I really love the film that we came up with for this competition as a standalone piece, but it falls down as an entry in the 48 Hour Film Project. To explain why, I’ll need the help of a Jedi Master.
There’s a scene in The Empire Strikes Back where Luke Skywalker, our hero and Jedi-in-training is instructed by his master, Yoda, to go into a spooky cave for some reason. Luke reasonably asks, “What’s in the cave?” and Yoda sagely replies, “Only what you take with you.” Luke brings in a lot of rage, fear, and doubt, and ends up having a pretty miserable time of it. The idea is that if he had gone in without all of his baggage, he may have seen something a lot better than his own decapitated head in a Darth Vader outfit. Maybe even a rousing performance by the Max Rebo Band.
The 48 Hour Film Project is like that cave: The less you bring with you when entering it, the better your experience will be.
Allow me to elaborate.
Remember when I said our genre was romance? Here is the full list of required elements we had that year:
Character: Betty or Bobby Bulmer, Farmer or Gardener
Prop: A lamp
Line of Dialogue: (S)he told me it’s a secret.
Our difficulty was that we had gotten an excellent open office space that was filled with blue and red chairs, and we had a vision of using tents indoors going into the weekend. We worked so hard to get our own set of self-imposed restrictions into the film that we lost sight of the prompt.
The first draft of the script didn’t even include the prop or the line of dialogue, because I was so busy trying to fit in our other fun items. We never come up with story ideas before the weekend, but we found ourselves backed into a corner when we couldn’t let go of the extra elements we brought with us. The film as a competition piece suffered because of it. While the finished project has elements of a romance, that certainly wasn’t the primary genre and as such we failed the assignment.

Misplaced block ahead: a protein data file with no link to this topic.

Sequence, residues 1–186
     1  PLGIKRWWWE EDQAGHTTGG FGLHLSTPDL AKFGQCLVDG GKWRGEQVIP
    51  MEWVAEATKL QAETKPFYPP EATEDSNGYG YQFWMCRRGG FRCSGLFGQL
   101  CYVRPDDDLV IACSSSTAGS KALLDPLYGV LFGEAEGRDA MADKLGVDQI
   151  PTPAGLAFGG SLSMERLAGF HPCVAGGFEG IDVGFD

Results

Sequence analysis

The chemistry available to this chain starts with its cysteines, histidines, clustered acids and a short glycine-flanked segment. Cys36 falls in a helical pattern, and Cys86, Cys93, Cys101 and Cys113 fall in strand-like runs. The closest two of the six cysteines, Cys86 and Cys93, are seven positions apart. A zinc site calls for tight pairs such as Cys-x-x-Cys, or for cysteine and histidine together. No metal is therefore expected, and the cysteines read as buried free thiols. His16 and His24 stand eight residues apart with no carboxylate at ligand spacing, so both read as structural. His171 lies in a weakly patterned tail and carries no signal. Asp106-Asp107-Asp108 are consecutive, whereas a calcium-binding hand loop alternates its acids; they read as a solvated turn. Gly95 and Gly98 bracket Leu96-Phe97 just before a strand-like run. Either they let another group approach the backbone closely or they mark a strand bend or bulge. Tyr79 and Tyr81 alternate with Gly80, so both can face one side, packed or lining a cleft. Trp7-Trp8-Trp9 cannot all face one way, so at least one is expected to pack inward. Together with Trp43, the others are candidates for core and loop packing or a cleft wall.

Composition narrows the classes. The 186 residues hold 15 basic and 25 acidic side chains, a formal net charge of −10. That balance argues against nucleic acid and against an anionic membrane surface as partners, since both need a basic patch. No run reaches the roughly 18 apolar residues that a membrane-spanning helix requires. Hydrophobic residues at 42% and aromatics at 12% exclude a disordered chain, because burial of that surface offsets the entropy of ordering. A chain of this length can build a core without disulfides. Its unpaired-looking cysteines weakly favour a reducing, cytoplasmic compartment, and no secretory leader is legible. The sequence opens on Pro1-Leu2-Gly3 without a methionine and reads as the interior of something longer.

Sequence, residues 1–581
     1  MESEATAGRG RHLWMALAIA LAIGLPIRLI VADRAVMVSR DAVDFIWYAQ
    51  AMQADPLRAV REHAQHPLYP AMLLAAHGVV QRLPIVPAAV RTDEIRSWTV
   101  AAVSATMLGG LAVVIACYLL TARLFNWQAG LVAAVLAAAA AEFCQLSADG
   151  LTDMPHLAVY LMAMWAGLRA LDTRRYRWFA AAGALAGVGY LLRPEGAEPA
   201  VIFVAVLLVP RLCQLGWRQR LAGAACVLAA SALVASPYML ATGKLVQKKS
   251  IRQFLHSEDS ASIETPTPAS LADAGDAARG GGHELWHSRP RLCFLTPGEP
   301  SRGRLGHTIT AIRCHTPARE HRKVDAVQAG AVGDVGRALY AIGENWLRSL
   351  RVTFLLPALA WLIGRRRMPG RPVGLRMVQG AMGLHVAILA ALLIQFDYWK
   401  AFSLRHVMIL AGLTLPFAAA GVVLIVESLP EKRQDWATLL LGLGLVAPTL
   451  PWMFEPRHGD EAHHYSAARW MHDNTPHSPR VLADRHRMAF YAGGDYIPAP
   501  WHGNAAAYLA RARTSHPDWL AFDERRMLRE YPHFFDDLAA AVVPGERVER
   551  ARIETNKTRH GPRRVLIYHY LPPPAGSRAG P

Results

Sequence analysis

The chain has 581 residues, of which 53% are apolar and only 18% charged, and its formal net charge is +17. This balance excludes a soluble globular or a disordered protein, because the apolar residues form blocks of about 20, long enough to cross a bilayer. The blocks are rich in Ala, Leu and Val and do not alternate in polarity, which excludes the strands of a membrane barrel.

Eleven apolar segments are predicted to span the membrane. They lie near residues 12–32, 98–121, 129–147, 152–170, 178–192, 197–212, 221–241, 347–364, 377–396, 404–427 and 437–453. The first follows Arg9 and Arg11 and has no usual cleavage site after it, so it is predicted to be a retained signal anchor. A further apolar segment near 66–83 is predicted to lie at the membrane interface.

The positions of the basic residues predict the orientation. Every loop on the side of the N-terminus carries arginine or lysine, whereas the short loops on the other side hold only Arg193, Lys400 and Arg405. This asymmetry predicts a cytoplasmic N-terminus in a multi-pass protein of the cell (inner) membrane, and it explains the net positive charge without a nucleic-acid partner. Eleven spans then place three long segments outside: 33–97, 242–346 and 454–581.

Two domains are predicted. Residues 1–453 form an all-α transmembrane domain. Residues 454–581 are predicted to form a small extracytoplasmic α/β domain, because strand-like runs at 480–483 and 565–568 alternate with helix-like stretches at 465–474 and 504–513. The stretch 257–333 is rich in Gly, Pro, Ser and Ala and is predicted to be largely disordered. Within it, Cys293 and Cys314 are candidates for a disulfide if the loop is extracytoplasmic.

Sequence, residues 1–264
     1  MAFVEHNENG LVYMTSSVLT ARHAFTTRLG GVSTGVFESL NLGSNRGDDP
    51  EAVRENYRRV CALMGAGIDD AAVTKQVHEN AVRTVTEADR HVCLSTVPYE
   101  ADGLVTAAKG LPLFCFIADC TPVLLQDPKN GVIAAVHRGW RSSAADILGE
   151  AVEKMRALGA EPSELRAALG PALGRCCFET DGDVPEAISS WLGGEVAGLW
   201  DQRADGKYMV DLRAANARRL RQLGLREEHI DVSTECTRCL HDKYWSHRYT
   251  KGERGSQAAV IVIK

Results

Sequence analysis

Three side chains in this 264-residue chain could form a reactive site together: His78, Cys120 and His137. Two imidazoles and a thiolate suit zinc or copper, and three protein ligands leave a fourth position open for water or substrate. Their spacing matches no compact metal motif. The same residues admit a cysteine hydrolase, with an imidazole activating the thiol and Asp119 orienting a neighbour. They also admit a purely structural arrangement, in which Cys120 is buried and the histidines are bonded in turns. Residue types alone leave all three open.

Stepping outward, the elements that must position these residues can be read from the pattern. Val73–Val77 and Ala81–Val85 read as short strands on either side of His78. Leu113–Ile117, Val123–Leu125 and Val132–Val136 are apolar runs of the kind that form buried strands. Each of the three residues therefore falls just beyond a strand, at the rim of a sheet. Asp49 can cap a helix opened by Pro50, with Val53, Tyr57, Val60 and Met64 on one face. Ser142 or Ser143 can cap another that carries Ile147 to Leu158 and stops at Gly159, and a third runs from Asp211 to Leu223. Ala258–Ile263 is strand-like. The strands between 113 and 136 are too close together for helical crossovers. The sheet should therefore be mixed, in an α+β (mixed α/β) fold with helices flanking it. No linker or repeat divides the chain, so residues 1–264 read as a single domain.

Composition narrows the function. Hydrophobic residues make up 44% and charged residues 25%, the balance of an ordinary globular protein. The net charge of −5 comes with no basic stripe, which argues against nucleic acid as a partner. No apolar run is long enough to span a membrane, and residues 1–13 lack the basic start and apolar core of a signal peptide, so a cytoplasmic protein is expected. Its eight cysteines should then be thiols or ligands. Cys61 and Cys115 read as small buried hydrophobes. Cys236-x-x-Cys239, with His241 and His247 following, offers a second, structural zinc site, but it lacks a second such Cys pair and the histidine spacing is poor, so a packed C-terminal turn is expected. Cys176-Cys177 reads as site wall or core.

We learned back with Level Up that it’s possible to not achieve the goals of a 48 but still create a film we love. This film however, finally drove home the idea that we had to put the assignment first. When we make films for challenges now we go in as blank slates and let the ideas derive directly from the assignment. You’ll usually see the assigned character as our lead, and the prop and line as integral parts of the story. It’s a really fun way to make a film and it guarantees that we are working on something we never would have dreamt of Thursday night!
In essence, we will no longer fight Vader in the cave.
I don’t want to leave you with the impression that we’re unhappy with how this film turned out. Thanks to a smooth shoot, and the dedication of our crew (Ben Efron our valiant Director of Photography actually slept in one of the tents Friday night), we turned in the film on time! And that’s really the number one rule of a 48 hour shoot: Finish. That was even after the hour we spent getting Matt to say his character’s name correctly.